President Barack Obama watched the U.S. soccer team lose to Germany on Thursday in the World Cup and then said the world's most-watched sporting event is shaping foreign policy.
"We had elements, which I won't detail, of our foreign policy that have been shaped around the World Cup," Obama told ABC's George Stephanopoulos
in an interview. "Phone calls, meetings, initiatives we had to think about."
While watching the game with White House aides Valerie Jarrett, Dan Pfeiffer, Josh Earnest, and other senior staff members, Obama called the last World Cup in 2010 "a breakthrough moment" for soccer in the United States.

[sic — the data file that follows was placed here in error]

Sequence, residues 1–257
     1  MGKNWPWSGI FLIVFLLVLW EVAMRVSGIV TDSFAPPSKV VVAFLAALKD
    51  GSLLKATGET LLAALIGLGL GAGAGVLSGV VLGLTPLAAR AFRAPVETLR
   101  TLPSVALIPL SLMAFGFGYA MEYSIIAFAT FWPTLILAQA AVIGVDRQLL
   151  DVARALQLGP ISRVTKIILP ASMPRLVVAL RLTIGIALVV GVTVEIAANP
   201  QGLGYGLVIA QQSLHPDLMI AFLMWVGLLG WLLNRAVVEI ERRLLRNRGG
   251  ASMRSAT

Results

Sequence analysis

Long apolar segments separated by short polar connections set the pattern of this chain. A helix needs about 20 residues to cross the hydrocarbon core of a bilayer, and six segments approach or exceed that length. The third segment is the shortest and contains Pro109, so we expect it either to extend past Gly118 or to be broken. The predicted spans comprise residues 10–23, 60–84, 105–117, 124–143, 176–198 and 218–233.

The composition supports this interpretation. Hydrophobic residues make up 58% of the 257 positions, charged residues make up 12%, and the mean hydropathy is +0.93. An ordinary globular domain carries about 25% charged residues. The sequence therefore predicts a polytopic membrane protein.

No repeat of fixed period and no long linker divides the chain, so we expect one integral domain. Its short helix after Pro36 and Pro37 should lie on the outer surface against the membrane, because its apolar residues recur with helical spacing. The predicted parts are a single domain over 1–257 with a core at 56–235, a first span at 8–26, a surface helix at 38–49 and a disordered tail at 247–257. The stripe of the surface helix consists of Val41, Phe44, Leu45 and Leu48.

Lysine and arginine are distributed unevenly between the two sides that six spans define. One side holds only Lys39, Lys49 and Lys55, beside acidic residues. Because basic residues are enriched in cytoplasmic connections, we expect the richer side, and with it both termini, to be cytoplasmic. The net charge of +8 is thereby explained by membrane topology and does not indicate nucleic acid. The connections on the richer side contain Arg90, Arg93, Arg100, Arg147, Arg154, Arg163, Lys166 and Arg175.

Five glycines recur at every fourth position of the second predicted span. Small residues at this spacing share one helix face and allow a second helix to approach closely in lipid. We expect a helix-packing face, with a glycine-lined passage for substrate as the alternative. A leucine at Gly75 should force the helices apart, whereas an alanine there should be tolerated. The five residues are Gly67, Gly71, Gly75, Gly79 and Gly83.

"The U.S. exceeded expectations," Obama said. "This year you get a sense it has captured popular imagination."
Saying the American team had gone from being a "nonfactor" to a "middle of the pack team," he added, "We're not Germany yet, or Italy or France, or Argentina or Brazil. But we're now in the mix."
The interview was due to air on "Good Morning America" on Friday morning and on "This Week" Sunday morning.
The United States lost 1-0 to Germany during group play of the tournament being held in Brazil, but still made it into the knockout round
of 16 teams and will play Belgium on Tuesday.
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